We recognize the match is not exact. However, it need not be exact in order to satisfy Spokeo. A “close relationship does not require that the newly proscribed conduct would give rise to a cause of action under common law.” See Susinno v. Work Out World Inc., 862 F.3d 346, 351 (3d Cir. 2017) (quotation marks omitted). A FACTA violation does not involve the kind of traditional confidential relationship that is at issue in a breach of confidence—say, a doctor-patient relationship. And unlike a common law breach of confidence, a merchant need not disclose a credit card number to anyone in order to violate FACTA. Even so, the harm in a breach of confidence tort—disclosing information provided in confidence—bears sufficient similarity to the harm Congress intended to prevent with FACTA—the risk of identity theft. A consumer provides a merchant with his credit card number with the expectation that it will remain secret, not least because of the risk of credit card fraud if the merchant reveals it. FACTA gives legal protection to that confidentiality interest by permitting merchants to print only the last five digits of a credit card number. A merchant who prints more than the permitted five digits creates a risk that information FACTA makes confidential will fall into a third party's hands. In fact, the risk here comes from the receipt Godiva gave Dr. Muransky and the copy Godiva seems to have kept. Here we are obligated to accept the allegation of the complaint that Godiva has experienced data breaches. Under these circumstances, we think the risk of disclosure bears a close enough relationship to the disclosure of confidential information actionable at common law to satisfy Article III.

The Third Circuit rejected our holding in the original opinion issued in this case that breach of confidence is sufficiently analogous to give rise to standing. Kamal, 918 F.3d at 114. In the view of the Third Circuit, the relationship between FACTA and the common law cause of action is not sufficiently analogous because the statute does not require actual disclosure while the common law tort does. Id. We do not think Spokeo's “close relationship” standard demands such complete correlation. Spokeo merely recognized that federal courts may have jurisdiction when Congress takes steps to prevent “the risk of real harm” that was actionable at common law. Spokeo, 136 S.Ct. at 1549. We read Spokeo to mean that, where the common law allowed a cause of action to remedy an injury, Congress can create a statutory cause of action to remedy the risk of such an injury. If, for example, Congress passed a statute to minimize the risk of trespass, we see nothing in Spokeo that would mean federal courts lack jurisdiction to hear cases brought under the statute. Here, in enacting FACTA, Congress sought to mitigate the risk of disclosure of credit card information, which we think sufficiently analogous to the disclosure of confidential information that the common law remedied by the breach of confidence tort.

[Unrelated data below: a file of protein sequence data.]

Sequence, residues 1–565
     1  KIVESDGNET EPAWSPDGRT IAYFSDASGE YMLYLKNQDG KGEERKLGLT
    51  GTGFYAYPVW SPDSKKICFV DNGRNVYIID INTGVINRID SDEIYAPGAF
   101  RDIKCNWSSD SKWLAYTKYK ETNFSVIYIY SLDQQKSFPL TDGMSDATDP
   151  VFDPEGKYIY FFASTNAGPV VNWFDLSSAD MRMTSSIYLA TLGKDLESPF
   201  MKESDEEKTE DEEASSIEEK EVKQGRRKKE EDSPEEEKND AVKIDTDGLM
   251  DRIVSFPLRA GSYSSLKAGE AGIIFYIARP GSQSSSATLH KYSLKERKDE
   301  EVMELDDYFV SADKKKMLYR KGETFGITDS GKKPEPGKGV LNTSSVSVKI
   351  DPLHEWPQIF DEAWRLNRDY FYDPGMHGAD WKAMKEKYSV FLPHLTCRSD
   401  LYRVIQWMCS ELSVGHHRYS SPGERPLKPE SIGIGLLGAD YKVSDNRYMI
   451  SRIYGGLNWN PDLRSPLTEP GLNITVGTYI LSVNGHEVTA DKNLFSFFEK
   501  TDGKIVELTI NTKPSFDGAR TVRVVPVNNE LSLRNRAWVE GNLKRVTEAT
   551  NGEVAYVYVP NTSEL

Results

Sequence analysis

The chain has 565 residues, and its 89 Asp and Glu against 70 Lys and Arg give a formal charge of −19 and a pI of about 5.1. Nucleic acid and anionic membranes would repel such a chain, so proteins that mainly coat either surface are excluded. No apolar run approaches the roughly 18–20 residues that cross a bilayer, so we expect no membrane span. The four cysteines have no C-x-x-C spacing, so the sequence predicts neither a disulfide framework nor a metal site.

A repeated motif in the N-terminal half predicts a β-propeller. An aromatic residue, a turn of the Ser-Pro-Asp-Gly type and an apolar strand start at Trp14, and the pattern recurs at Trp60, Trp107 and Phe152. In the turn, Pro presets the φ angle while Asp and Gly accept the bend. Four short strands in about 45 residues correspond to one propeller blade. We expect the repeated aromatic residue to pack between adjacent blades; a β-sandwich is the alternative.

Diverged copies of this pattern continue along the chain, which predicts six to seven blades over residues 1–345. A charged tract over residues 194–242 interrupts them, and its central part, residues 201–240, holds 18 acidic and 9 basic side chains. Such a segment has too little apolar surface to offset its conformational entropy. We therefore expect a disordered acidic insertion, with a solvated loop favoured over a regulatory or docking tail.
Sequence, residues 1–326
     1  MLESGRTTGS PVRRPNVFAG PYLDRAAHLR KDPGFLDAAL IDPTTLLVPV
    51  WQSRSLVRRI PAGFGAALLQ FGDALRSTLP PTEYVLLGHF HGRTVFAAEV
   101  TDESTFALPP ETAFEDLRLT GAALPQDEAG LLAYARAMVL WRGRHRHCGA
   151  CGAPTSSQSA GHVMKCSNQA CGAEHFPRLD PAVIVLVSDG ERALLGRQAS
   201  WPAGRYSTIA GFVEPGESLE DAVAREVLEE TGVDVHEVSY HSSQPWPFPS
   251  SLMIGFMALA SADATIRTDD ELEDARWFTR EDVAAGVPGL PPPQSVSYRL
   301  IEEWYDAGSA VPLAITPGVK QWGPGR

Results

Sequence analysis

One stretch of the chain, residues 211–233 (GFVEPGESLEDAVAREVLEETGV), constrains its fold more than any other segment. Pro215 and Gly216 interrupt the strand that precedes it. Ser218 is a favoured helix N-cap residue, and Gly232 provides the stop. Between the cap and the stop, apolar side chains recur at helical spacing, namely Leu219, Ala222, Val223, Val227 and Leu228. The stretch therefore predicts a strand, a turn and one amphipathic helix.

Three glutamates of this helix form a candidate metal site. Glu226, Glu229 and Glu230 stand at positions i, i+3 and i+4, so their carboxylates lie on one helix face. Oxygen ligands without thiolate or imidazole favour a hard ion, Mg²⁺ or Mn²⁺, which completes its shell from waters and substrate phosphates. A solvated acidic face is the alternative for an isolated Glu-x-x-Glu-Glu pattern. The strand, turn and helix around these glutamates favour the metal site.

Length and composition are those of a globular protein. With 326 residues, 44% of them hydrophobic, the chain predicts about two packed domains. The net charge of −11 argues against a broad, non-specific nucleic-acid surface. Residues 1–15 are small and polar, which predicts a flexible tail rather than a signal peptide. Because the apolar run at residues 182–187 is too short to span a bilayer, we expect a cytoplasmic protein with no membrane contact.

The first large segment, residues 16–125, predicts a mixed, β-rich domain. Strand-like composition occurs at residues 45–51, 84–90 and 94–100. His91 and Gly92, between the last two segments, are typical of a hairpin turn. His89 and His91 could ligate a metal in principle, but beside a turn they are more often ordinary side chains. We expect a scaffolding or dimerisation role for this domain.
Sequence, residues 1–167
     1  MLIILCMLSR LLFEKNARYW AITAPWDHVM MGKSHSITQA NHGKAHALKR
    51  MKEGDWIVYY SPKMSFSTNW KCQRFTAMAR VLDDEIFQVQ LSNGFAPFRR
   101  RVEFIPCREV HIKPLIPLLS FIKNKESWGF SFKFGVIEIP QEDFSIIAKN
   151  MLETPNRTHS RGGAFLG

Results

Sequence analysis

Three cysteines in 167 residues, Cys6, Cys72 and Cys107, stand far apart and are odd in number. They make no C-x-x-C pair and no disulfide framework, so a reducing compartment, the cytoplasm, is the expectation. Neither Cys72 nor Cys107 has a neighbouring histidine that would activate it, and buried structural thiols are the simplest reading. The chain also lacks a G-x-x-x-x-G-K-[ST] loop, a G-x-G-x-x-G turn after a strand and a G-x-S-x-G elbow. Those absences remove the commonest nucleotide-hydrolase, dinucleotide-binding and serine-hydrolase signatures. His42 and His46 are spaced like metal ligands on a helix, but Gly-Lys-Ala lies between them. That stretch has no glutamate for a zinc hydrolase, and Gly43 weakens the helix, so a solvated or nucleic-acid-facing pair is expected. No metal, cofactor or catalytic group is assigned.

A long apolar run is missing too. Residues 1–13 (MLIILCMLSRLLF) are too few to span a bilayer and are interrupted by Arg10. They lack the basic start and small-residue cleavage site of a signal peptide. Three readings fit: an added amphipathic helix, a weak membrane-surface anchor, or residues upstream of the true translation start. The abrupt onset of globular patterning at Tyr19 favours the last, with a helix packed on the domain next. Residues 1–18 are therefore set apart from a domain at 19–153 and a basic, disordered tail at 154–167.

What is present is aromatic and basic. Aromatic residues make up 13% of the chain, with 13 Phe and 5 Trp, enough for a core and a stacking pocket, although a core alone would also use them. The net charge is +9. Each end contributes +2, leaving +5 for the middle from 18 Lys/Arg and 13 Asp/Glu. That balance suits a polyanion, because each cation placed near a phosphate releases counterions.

The relationship we find here is consistent with the way this Circuit's post-Spokeo precedent compares alleged harms to common law harms. In Nicklaw v. CitiMortgage, Inc., 839 F.3d 998 (11th Cir. 2016), a plaintiff sued for “failure to record a satisfaction of mortgage within a statutory period” but did not “bring suit until after that statutory violation ha[d] been remedied;” that is, the mortgage had been recorded by the time the plaintiff sued. Id. at 1000. The panel concluded the statute in question “provided a remedy to prevent the risk of harm that occurred while title to property was wrongfully clouded, not a remedy after the cloud was lifted.” Id. at 1003 (first emphasis added). It ruled the plaintiff lacked standing on that basis. This case is distinguishable from Nicklaw. In Nicklaw, the risk had abated by the time the plaintiff brought suit. The plaintiff's title was no longer clouded. If a Godiva cashier immediately shredded a FACTA-noncompliant receipt, we might agree Nicklaw controls. But nothing in this record establishes that the receipt no longer exists. This means the risk of disclosure still exists. As noted, the complaint indicates that Godiva might keep a version of the untruncated receipt. And even if Dr. Muransky destroyed the receipt himself, in Nicklaw the defendant, not the plaintiff, remedied the risk of harm. The effort Dr. Muransky put into doing away with the risky receipt would suffice for standing. Cf. Pedro v. Equifax, Inc., 868 F.3d 1275, 1280 (11th Cir. 2017) (holding that lost time spent attempting to resolve credit inaccuracies suffices for standing).